Do they like structured meetings or prefer free-flow brainstorming sessions?

Do they do their best thinking out loud, on the spot, or on paper?

What personality type do they identify with: introvert, extrovert, or ambivert?

Do they feel like they know their team members, or would they prefer more team bonding activities?

What type of meetings or tasks are most energizing for them?

4. Make time for team building or icebreakers

Getting to know your team is a critical part in knowing how to communicate with them. It’s particularly important to make time to get to know your team outside of a workplace setting. Icebreaker questions can help bring an element of personality and fun to every meeting, so consider starting with a light chat before diving into your meeting agenda.

5. Set the tone

Remember: the way you communicate and collaborate will impact your entire team. It’s up to you to set the standard for open and clear communication in the workplace. Once you set and communicate this standard, your team will follow suit.

Every few months, make a note to check back in on how everyone is feeling about team communication. Are there any habits that have cropped up in the last few months that you want to cull or encourage? Regularly thinking about how your team communicates—instead of “setting and forgetting” your team practices—can help you be more intentional about your communication methods.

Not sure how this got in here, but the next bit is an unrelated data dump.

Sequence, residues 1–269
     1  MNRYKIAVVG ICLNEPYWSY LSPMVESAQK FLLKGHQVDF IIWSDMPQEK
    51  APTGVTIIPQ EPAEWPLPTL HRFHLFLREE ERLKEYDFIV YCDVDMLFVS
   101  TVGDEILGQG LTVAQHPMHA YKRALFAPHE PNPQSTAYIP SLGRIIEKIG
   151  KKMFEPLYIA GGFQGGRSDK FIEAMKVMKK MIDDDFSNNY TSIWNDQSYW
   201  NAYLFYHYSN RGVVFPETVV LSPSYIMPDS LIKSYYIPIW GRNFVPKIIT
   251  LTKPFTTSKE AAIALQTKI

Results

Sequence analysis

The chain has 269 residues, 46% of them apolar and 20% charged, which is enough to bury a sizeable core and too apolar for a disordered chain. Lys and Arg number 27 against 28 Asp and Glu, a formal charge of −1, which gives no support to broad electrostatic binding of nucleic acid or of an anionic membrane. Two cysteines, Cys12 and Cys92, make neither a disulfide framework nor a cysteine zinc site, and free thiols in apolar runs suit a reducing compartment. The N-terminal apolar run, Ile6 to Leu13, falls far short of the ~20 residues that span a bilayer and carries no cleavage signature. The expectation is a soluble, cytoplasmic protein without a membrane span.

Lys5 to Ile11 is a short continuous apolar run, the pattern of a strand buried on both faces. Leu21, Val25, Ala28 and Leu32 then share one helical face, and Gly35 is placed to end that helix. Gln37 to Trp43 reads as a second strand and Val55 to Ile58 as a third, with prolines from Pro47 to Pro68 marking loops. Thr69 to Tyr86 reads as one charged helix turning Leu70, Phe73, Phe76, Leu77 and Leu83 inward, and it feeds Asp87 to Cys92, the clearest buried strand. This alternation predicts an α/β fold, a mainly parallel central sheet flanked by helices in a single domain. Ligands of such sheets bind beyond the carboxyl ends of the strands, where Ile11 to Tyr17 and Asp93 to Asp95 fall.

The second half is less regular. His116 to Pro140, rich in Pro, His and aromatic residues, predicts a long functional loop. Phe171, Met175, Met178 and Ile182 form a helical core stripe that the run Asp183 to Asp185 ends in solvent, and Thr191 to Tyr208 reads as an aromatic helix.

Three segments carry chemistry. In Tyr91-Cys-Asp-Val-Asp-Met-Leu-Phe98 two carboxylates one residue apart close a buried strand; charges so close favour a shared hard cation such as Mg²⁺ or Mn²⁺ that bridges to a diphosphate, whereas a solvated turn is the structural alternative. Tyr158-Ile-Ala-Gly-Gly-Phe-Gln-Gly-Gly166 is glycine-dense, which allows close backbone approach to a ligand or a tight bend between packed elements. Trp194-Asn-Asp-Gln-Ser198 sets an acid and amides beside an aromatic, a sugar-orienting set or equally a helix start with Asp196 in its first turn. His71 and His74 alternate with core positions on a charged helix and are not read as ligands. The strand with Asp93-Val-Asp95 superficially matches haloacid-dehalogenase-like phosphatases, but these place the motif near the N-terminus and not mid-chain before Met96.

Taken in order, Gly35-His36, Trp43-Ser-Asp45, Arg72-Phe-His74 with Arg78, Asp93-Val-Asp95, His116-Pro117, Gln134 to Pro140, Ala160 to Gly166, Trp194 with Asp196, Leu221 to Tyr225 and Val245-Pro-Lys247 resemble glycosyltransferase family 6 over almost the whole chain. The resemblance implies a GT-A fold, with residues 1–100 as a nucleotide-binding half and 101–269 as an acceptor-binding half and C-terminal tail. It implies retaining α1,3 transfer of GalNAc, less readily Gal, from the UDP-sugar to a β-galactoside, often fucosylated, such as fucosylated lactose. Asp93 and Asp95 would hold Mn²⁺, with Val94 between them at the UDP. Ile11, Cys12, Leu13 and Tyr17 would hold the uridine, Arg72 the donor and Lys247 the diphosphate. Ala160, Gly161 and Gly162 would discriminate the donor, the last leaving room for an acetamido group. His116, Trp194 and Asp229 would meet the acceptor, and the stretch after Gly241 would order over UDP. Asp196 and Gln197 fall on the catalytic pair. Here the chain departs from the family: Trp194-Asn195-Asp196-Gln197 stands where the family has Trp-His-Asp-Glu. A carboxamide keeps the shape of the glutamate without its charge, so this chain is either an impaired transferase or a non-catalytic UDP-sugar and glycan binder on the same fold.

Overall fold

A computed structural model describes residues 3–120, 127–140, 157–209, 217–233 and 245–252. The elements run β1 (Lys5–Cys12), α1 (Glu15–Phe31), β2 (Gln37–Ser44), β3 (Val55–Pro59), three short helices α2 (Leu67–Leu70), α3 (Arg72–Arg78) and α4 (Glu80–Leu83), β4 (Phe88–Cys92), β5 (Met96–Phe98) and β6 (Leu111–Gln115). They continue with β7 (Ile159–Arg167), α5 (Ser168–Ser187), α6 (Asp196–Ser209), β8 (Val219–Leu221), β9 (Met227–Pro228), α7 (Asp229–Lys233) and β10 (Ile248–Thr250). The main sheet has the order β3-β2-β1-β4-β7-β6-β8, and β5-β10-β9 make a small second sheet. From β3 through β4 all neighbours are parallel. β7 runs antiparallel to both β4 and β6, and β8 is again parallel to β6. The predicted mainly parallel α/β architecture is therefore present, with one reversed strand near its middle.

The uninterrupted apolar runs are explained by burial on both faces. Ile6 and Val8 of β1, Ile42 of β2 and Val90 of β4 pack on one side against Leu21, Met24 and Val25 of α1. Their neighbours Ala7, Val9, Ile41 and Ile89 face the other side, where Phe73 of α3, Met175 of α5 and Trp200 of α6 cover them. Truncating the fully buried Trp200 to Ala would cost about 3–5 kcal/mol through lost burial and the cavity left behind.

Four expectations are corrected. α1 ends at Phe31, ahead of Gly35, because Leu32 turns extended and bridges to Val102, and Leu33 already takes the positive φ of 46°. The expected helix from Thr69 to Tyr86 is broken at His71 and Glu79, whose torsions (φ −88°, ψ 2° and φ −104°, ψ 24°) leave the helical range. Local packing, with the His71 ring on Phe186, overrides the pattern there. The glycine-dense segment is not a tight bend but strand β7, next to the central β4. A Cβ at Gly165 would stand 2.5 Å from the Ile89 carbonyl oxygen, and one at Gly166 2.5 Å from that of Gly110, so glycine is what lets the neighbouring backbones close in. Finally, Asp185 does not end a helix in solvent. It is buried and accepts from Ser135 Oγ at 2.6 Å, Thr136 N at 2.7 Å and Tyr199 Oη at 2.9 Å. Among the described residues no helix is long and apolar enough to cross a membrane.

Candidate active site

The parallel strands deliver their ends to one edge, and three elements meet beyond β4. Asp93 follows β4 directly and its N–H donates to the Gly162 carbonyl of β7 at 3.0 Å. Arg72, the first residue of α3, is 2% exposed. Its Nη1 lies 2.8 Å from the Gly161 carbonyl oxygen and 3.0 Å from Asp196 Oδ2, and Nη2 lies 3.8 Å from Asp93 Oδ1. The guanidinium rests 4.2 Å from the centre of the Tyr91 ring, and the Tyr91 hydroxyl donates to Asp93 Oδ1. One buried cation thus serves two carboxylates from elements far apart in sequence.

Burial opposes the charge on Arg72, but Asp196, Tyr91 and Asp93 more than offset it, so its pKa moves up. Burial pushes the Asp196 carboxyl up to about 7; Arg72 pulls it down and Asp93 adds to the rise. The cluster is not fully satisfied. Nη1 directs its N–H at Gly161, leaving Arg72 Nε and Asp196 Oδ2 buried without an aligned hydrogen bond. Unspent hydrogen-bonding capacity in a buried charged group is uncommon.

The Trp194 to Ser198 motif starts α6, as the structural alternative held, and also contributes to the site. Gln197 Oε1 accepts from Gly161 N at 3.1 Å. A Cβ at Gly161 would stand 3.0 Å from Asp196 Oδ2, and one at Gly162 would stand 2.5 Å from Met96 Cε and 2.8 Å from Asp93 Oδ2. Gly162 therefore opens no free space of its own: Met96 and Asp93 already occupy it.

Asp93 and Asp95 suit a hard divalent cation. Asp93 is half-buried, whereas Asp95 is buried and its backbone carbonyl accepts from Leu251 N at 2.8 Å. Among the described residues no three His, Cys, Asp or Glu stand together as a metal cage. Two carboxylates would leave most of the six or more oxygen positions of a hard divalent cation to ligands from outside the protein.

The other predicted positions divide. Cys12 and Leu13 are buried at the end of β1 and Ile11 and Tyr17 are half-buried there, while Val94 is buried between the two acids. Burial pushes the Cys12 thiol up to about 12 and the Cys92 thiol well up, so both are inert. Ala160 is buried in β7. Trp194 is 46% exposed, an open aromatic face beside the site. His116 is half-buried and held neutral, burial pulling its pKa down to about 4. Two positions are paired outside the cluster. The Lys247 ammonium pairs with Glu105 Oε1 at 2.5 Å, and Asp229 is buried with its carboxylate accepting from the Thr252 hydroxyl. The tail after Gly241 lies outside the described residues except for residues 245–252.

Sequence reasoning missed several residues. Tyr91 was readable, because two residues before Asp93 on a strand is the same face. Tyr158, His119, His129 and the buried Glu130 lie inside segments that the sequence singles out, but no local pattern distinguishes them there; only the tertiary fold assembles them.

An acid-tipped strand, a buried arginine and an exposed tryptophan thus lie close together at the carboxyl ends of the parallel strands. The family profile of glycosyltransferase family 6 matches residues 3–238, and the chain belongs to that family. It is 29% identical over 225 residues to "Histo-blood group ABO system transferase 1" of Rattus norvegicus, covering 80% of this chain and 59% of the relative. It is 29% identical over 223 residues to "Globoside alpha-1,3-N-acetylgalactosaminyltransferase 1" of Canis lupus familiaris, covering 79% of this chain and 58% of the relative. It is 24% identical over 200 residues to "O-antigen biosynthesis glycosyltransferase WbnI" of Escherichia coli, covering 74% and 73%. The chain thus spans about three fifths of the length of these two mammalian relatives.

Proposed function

As an organization grows, communication starts to bottleneck. At Hope for Haiti, we’ve seen those inefficiencies hurt us: when we can’t run like a well-oiled machine, we’re not serving as many people as we could be—and it’s our responsibility to improve upon that.”

More types of workplace communication

Most discussions about communication in the workplace assume the “workplace” is in person. But there are a variety of ways to communicate across different locations—from global offices to remote teams. Most communication best practices still apply to any type of team, but there are a few additional considerations and best practices you can use to help team members truly connect.

Distributed teams

Distributed teams work across multiple national or global offices. These teams might span different time zones and languages, and each office will have its own culture and habits. Don’t expect each distributed team to communicate in the same way—in fact, one of the advantages of distributed teams is the variety of thought you’re exposed to by working with teammates from all over the world.

If you work on a distributed team, it’s critical to over-communicate so that team members in different time zones and offices stay in the loop. Make sure to document everything in a central source of truth that team members can access when they’re online, and look for a tool that updates in real-time so no one has to slow down due to information lag.

Keep in mind that time zones might affect how people come to a conversation. Try to schedule meetings when everyone is available, or offer recordings and notes if team members can’t make it. It’s also critical to double check that the right people are in the loop, and that they aren’t just being left out because they’re in a different office than the majority of your team.

Online coworkers